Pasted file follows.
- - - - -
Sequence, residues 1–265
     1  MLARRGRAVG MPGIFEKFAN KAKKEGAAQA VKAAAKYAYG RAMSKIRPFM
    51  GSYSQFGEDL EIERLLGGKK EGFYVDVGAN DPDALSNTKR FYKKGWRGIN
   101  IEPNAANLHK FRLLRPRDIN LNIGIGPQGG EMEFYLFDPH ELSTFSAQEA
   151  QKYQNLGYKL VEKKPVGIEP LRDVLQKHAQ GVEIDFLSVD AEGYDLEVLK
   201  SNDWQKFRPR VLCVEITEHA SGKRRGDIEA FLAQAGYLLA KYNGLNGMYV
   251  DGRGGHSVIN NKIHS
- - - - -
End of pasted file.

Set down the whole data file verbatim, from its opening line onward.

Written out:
Sequence, residues 1–265
     1  MLARRGRAVG MPGIFEKFAN KAKKEGAAQA VKAAAKYAYG RAMSKIRPFM
    51  GSYSQFGEDL EIERLLGGKK EGFYVDVGAN DPDALSNTKR FYKKGWRGIN
   101  IEPNAANLHK FRLLRPRDIN LNIGIGPQGG EMEFYLFDPH ELSTFSAQEA
   151  QKYQNLGYKL VEKKPVGIEP LRDVLQKHAQ GVEIDFLSVD AEGYDLEVLK
   201  SNDWQKFRPR VLCVEITEHA SGKRRGDIEA FLAQAGYLLA KYNGLNGMYV
   251  DGRGGHSVIN NKIHS